Sponsored By
An organization or individual has paid for the creation of this work but did not approve or review it.

ADVERTISEMENT

ADVERTISEMENT

MARILYN HAGERTY: St. James class looks back 50 years

They used to have hobnobs--where they would dance to music of the Beach Boys and Frank Sinatra. They did the twist, and they liked to rock and roll. There were 100 in the class of 1966 at the former St. James High School of Grand Forks. Their sch...

They used to have hobnobs-where they would dance to music of the Beach Boys and Frank Sinatra. They did the twist, and they liked to rock and roll.

There were 100 in the class of 1966 at the former St. James High School of Grand Forks. Their school closed in 1969. But it lives in the hearts of those gathering in Grand Forks this weekend. Fifty of the 100 in the class responded to join in the 50th year reunion. It began Friday evening at the Broken Drum.

It continues today at the Kegs Drive In where they used to go-for 19 cents-to get sloppy Joes with cheese, pickles and onions.

"Sometimes," says Wilma Brunskill Smith, "we would go to the A&W." She well remembers hamburgers at the popular root beer place on Gateway Drive.

She was one of the cheerleaders who wore purple when the teams were known as the St. James Jimmies. Then they switched to blue when St. James teams became known as the Royals.

ADVERTISEMENT

Today the class of 1966 will release balloons at 12:30 p.m. in memory of those who are deceased. Then they will spend time reminiscing about the good old days at the home of classmate Mike Moe. They'll have dinner at the Canad Inns.

On Sunday, the class will be together-maybe for the last time-at Mass in St. Michael's Catholic Church.

While the St. James Class remembers 50 years since graduation, the Central High School class of 1956 has been thinking back 60 years. The class planned dinner Friday evening at the Ramada.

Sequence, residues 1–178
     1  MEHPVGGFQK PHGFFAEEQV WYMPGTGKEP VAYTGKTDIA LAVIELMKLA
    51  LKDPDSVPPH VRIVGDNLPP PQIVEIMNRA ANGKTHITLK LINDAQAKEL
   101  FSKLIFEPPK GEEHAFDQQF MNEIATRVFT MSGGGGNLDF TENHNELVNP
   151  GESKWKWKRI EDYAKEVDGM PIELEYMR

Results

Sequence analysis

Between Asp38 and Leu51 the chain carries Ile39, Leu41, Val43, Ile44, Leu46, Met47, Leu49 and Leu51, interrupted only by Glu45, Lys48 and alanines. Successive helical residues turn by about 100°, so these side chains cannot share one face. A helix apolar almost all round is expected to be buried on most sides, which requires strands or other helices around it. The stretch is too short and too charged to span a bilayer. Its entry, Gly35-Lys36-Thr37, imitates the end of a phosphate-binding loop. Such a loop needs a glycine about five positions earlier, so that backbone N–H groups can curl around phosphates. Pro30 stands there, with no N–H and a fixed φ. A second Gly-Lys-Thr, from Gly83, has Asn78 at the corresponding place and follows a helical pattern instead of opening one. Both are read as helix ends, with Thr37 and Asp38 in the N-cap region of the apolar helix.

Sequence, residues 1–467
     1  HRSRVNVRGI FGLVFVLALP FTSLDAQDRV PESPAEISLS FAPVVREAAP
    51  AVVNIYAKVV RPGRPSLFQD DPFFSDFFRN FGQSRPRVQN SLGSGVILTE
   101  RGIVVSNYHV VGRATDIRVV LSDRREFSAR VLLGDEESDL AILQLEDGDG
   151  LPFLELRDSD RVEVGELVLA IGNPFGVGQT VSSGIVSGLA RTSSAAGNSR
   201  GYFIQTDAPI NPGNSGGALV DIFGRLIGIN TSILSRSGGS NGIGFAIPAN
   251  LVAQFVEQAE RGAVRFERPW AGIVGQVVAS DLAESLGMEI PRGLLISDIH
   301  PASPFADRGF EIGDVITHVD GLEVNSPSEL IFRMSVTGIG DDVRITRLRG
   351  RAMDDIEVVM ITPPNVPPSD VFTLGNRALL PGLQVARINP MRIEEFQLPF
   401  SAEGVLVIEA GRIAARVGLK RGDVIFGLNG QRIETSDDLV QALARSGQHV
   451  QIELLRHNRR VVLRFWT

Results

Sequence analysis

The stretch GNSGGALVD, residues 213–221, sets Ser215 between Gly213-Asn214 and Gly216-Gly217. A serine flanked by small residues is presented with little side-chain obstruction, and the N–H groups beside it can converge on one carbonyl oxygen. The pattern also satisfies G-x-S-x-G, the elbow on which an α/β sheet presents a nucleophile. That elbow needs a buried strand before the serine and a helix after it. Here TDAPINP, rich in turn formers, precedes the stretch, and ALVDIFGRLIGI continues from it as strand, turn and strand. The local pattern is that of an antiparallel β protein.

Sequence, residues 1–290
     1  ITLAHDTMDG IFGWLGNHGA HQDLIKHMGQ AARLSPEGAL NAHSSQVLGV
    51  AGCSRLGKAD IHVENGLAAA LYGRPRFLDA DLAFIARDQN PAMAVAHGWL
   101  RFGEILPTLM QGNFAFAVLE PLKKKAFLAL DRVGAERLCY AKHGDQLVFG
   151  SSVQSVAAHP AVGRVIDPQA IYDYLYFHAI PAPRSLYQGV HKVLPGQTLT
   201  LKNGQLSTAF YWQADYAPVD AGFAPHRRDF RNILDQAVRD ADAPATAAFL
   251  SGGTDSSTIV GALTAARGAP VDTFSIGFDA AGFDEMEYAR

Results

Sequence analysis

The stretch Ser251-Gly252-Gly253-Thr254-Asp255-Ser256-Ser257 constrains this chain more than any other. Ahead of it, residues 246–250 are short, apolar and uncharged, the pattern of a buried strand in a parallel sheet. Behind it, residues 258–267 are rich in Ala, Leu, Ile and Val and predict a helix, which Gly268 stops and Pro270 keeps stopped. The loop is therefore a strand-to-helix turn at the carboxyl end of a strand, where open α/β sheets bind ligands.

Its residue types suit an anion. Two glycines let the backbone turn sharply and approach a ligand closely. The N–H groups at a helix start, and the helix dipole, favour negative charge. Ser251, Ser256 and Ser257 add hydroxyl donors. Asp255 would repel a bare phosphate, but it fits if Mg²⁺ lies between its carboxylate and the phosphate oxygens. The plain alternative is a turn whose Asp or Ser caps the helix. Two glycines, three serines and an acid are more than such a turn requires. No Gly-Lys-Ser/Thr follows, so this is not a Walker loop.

The committee is made up of Ernie Gregoire, Sandy Blair, Carrie Hanson and Margaret Fish. And talk was bound to turn to the second state championship for basketball in 1956. That's when the late Fritz Engel was coach. It was the year when the late Ken Rio was a new football coach, and the late Serge Gambucci was the new hockey coach.

In those days, teams at Central were known as the Redskins-before their switch to Knights.

---

Along with class reunions, the students are arriving at UND. It's Heritage Days in East Grand Forks. The Farmer's Market continues downtown Saturday morning, and there will be a wine walk downtown Saturday afternoon.

Time was when we went off to college with a suitcase or two. We lived in dormitories, and we grew plump eating the food served in the dining rooms. We didn't go home until Thanksgiving, and then it was by means of carpooling. Rare, indeed, were students who owned cars.

ADVERTISEMENT

---

Plates lack character

Thoughts while eating corn: License plates aren't nearly as interesting since the new ones are showing up. ... The best one seen around here lately was BLIZZARD, and CSARAGO is pretty good. ... The newer ones are just letters and numbers. ... Nobody could accuse Grand Forks people about rushing into a decision about a new library.

---

Clarice and Scott

Cheerful people of the week: Clarice Urness and Scott Pearson.

What To Read Next
Josh Sipes was watching an in-flight movie when he became aware the flight crew were asking for help assisting a woman who was experiencing a medical problem.
Nonprofit hospitals are required to provide free or discounted care, also known as charity care; yet eligibility and application requirements vary across hospitals. Could you qualify? We found out.
Crisis pregnancy centers received almost $3 million in taxpayer funds in 2022. Soon, sharing only medically accurate information could be a prerequisite for funding.
The Grand Forks Blue Zones Project, which hopes to make Grand Forks not just a healthier city but a closer community, is hosting an event on Saturday, Jan. 21, at the Empire Arts Center from 3-5 p.m.